What is cerebral palsy?
We take a look at the red flags that could indicate cerebral palsy.
Cerebral Palsy (CP) is the name given a group of developmental disorders of movement and posture which are caused by damage to the brain before, during or after birth. Elna van der Ham, spokesperson for Cerebral Palsy Association of the Eastern Cape describes the condition in more detail.

What exactly is CP?

There are different kinds of CP that can make a person’s muscles stiff (spastic CP); make a person’s movements uncoordinated and unsteady (ataxic CP); or even jerky and involuntary (athetoid/dyskinetic CP). Each kind can be further categorised as mild, moderate or severe.

In all cases, CP manifests an issue with movement due to a problem in the brain, hence the name ‘cerebral’ (meaning brain) and ‘palsy’ (meaning muscle weakness/poor control). And although the damage to the brain that caused the CP will not progress and get worse, the way in which CP affects the person may change over time – sometimes is may improve, or even get worse.

Incidence and diagnosis

The general incidence of CP occurring at birth is 2 per 1000, says My Child without Limits, but the overall incidence of CP in all children (including those who acquire the condition later in life due to an accident like near drowning or a head injury) is 3.5 per 1000. This makes CP the most common motor disorder, and second most common disability after autism, in young children.

However, because CP is caused primarily by environmental factors, including what mom does while pregnant, the incidence has been found to actually be as high as 10:1000 in places like rural Kwa-Zulu Natal, says Research SA.

According to Elna, diagnosis is rarely made at birth, “It is only months or even years later that parents notice a delay in their child’s development, or an abnormality in their child’s muscle tone.”    
In order to make a diagnosis, a doctor would need to observe the child’s behaviour for some time to rule out any other conditions.

The future for a child with CP

Although the brain damage that caused the CP can never be reversed, Elna strongly advises how important early intervention is for a child with CP. “Early help and training can enhance the child’s development and prevent the movement difficulties that often become worse as they get older, especially if they don’t get any intervention.”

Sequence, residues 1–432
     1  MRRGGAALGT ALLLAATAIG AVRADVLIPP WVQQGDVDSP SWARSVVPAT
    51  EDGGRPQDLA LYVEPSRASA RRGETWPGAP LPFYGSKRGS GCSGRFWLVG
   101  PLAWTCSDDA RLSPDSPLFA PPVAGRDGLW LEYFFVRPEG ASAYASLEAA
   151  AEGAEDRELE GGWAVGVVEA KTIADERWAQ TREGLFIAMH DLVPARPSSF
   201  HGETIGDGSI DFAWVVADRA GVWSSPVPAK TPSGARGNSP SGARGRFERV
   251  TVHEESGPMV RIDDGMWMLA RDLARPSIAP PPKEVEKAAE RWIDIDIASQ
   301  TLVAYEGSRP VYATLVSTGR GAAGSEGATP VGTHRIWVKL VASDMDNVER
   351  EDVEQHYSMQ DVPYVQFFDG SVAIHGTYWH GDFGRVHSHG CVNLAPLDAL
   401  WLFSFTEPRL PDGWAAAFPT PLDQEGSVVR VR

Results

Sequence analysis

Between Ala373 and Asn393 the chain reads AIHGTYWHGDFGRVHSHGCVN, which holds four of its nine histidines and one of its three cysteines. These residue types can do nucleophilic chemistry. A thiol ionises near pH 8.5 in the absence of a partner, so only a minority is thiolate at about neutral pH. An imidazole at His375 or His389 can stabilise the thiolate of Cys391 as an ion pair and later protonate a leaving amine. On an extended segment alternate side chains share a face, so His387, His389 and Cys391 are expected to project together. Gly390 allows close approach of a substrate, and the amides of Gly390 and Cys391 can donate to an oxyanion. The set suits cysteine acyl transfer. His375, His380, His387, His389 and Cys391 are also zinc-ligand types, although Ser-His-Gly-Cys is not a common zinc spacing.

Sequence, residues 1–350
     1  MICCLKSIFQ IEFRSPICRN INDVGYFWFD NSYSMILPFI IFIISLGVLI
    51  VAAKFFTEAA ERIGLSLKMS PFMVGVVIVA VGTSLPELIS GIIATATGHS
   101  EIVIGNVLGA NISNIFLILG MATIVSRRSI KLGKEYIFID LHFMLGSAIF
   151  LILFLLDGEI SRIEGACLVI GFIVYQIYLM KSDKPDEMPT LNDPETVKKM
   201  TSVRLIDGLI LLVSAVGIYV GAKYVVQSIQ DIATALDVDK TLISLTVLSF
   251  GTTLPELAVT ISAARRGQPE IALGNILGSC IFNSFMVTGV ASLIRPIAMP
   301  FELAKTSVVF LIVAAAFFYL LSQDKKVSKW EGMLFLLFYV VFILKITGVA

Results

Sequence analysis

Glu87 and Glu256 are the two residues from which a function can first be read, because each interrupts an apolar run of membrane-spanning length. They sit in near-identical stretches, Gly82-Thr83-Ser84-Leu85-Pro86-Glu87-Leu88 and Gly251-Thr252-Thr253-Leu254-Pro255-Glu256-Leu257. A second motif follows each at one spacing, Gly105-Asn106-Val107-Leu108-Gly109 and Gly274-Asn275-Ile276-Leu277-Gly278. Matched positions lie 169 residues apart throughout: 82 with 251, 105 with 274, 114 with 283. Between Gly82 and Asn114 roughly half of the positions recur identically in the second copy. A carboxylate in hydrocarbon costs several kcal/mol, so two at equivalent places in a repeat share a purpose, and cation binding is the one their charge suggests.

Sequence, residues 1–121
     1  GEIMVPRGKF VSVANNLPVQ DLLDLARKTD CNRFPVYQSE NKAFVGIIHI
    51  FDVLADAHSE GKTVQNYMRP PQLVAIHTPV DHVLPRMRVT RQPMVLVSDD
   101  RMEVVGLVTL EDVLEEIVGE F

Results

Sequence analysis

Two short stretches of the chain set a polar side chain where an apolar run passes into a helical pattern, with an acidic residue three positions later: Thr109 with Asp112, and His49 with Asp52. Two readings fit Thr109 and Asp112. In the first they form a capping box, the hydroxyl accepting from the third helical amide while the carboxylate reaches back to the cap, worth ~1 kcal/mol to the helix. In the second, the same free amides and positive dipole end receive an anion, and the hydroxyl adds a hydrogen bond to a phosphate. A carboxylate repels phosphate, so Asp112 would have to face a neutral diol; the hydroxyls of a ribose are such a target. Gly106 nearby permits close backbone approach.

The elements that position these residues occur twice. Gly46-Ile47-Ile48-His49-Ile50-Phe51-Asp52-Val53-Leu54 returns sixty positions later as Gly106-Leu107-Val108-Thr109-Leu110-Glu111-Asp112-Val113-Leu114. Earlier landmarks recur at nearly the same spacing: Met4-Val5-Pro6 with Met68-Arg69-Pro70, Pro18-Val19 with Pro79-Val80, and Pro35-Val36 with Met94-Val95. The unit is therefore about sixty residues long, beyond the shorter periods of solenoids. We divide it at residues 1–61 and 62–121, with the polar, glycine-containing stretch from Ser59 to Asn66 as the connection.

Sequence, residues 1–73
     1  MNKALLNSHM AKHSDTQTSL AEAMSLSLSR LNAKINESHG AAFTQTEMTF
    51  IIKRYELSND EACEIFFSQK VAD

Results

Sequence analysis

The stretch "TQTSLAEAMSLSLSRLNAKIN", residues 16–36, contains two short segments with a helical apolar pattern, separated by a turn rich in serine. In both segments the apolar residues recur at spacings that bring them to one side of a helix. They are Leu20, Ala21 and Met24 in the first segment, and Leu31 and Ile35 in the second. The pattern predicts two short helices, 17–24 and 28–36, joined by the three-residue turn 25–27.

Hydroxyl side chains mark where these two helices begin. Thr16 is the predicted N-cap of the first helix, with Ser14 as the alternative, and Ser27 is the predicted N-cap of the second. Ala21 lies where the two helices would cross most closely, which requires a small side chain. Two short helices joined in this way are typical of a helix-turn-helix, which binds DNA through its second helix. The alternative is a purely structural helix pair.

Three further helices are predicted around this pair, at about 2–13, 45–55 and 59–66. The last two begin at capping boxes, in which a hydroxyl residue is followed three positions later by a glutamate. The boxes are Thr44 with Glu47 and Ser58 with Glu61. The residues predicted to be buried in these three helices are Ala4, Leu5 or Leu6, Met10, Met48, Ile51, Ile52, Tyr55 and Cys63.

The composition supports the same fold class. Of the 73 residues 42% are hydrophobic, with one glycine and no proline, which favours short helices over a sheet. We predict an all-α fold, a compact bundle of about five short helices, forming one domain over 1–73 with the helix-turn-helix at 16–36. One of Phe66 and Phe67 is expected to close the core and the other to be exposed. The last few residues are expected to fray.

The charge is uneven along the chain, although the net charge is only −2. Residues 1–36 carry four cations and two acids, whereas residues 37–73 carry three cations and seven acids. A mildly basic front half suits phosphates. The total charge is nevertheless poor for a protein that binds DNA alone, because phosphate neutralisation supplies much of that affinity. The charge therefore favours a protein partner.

Most people also assume that a child with CP is mentally disabled, which is not always the case. “The area of the brain that is damaged may not affect cognitive abilities. This means that the person will have obvious physical disabilities but no mental disability at all.” There are individuals with CP who get degrees at university, even though they are wheelchair-bound.
There are various treatment options including early intervention therapies, medications, surgery, and support and education. All these options mean that a person with CP can lead a fulfilling and full life.

What causes CP?

“In many cases there is no identifiable cause for the brain damage,” explains Elna. “But the cause could be a lack of oxygen before, during or after birth. Even premature babies are at a high risk of developing CP. Mothers who take in alcohol or abuse drugs during pregnancy, get sexually transmitted diseases, or attempt abortions, and even very young or very old mothers are at higher risk.”

Red Flags

If you are concerned about your baby, the following is a list of red flags that indicate that your baby might need to be observed by a professional:
  • Lack of alertness
  • Irritability or fussiness
  • Abnormal, high-pitched cry
  • Trembling of the arms and legs
  • Poor feeding abilities
  • Low muscle tone (floppiness)
  • Seizures, body twitching
  • Holding hands in tight fists

For more local support contact the National Association for Persons with Cerebral Palsy or the Cerebral Palsy Association of the Eastern Cape

For international support and research visit My Child without Limits or The American Academy for Cerebral Palsy and Developmental Medicine

Does your child have cerebral palsy? how has your family dealt with it?

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